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Kyle Davis


Wednesday February 03, 2021, from 12:30 - 1:30 pm on Zoom.


Large-scale land investments and their socio-environmental effects in the tropics



Tropical forests are vital for supporting global biodiversity, carbon storage, and local livelihoods, yet ongoing globalization has meant that remote factors exercise growing influence over these forests and their common-pool resources. Large-scale land acquisitions (LSLAs) by foreign investors have emerged as an important mechanism linking the demands of distal actors to forests in the Global South. These investments are executed with the goal of generating backflows of agricultural commodities to transnational investors, foreign governments, and global markets. Governments in targeted countries have often welcomed LSLAs in the name of facilitating agricultural technology transfers and the inflow of foreign capital as well as to encourage rural development and local job creation. Given the dramatic land use conversions that may need to occur in order for LSLAs to be put to productive use (e.g., from native forest to commercial monoculture), the proliferation of LSLAs suggests the potential for widespread impacts to natural systems. We employ a mixed methods approach, integrating information from diverse data sources to examine to what extent LSLAs have altered land use since the beginning of this century and how the development of these deals may affect biodiversity within contract areas. While our findings portend substantial degradation of natural habitats if current practices are applied in new or developing LSLAs, our assessment can provide valuable information for governments seeking to prevent unsustainable development through such investments. Given the vast extent over which LSLAs are granted globally, these deals – and the policies and regulations that govern their implementation – can play a key role in global conservation initiatives if managed to achieve both socio-economic and environmental co-benefits.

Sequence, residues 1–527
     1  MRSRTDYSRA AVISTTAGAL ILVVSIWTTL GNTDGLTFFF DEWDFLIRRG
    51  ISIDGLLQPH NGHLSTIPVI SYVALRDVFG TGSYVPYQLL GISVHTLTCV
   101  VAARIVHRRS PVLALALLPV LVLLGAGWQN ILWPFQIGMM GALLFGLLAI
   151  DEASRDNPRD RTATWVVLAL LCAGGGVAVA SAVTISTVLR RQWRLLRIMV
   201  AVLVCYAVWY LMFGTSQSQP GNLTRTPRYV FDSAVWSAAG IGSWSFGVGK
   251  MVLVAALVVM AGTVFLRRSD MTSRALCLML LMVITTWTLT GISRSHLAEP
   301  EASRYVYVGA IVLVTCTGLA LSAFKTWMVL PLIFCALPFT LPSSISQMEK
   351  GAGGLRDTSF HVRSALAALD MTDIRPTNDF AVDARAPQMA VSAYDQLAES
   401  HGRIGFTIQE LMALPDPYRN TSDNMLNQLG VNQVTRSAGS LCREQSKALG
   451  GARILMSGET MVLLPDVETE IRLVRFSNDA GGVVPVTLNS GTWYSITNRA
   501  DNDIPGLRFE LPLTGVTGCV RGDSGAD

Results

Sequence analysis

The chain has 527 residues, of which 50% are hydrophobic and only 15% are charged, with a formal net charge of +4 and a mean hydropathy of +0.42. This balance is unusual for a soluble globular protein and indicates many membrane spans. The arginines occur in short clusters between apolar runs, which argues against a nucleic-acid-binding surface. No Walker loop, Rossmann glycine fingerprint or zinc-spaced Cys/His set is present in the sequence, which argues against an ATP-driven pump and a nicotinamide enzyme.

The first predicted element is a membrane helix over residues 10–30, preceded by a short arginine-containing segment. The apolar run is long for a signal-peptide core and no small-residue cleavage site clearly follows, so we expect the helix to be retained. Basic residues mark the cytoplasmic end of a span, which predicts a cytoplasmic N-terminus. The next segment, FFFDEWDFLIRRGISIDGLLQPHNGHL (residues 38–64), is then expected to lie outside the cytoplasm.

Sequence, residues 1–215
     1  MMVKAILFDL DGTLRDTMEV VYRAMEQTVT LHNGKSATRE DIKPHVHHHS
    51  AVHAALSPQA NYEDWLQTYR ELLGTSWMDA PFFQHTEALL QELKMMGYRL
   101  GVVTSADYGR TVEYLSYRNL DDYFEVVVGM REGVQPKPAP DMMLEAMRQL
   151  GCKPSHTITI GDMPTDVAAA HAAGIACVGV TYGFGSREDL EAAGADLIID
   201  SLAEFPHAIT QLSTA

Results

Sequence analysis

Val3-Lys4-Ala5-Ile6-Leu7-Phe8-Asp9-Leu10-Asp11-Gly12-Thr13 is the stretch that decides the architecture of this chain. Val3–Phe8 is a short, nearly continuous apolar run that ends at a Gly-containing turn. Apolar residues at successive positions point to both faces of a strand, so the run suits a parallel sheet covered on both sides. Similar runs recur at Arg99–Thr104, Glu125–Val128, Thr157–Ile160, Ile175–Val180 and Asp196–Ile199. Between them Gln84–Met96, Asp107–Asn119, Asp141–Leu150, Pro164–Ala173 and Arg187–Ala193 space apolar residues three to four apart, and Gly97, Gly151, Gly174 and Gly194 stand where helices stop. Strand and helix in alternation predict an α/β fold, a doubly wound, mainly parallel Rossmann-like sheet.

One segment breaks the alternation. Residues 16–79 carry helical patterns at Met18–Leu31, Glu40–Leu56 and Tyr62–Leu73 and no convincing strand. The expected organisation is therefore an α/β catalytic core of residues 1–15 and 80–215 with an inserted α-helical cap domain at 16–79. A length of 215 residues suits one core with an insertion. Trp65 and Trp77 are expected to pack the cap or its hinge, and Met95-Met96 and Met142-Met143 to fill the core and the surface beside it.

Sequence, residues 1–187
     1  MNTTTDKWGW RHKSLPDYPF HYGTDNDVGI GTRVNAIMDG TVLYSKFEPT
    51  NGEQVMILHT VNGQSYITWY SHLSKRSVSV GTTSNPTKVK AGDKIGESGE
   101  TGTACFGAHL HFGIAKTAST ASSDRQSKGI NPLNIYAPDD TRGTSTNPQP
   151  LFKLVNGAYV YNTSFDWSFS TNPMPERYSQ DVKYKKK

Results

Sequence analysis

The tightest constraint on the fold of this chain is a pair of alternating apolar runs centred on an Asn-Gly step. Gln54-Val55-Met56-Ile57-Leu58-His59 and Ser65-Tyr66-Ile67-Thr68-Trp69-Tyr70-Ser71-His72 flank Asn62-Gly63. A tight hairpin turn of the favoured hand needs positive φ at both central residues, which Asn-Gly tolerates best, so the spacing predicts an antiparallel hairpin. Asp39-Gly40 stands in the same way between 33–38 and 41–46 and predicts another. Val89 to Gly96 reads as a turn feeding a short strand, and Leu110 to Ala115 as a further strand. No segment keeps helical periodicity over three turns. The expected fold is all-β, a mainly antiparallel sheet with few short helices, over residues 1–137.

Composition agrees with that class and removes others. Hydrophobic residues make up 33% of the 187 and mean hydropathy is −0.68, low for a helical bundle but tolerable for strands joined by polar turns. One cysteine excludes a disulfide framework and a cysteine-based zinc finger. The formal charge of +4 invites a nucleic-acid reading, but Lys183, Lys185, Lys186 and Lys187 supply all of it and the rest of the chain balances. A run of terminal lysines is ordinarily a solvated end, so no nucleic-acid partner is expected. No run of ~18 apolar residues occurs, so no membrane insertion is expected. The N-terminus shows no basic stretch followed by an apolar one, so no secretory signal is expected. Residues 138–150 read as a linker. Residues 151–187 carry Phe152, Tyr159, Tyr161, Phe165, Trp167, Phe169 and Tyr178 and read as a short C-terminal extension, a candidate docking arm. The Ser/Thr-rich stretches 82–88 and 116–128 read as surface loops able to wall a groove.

Dr. Davis is an Assistant Professor at the University of Delaware in the Department of Geography and Spatial Sciences and the Department of Plant and Soil Sciences and a Resident Faculty in the UD Data Science Institute ( His work focuses on food systems, water sustainability, and global environmental change. His current research in India, Nigeria, China, and the US combines environmental, economic, and social considerations with direct stakeholder engagement to inform agricultural decision making and to improve nutrition, environmental sustainability, and climate adaptation strategies. He also explores other human-environment interactions through projects on: the environmental and livelihoods impacts of large-scale land investments; variability and shock propagation through food trade networks; the relationship between human migration and global environmental change; and farmer coping strategies for climate variability and extremes.

Prior to joining UD in 2019, he was a Data Science Fellow and Earth Institute Fellow at Columbia University (New York) and a NatureNet Science Fellow with The Nature Conservancy. He earned his PhD in Environmental Sciences with a focus on Hydrology from the University of Virginia and is a proud graduate of UD.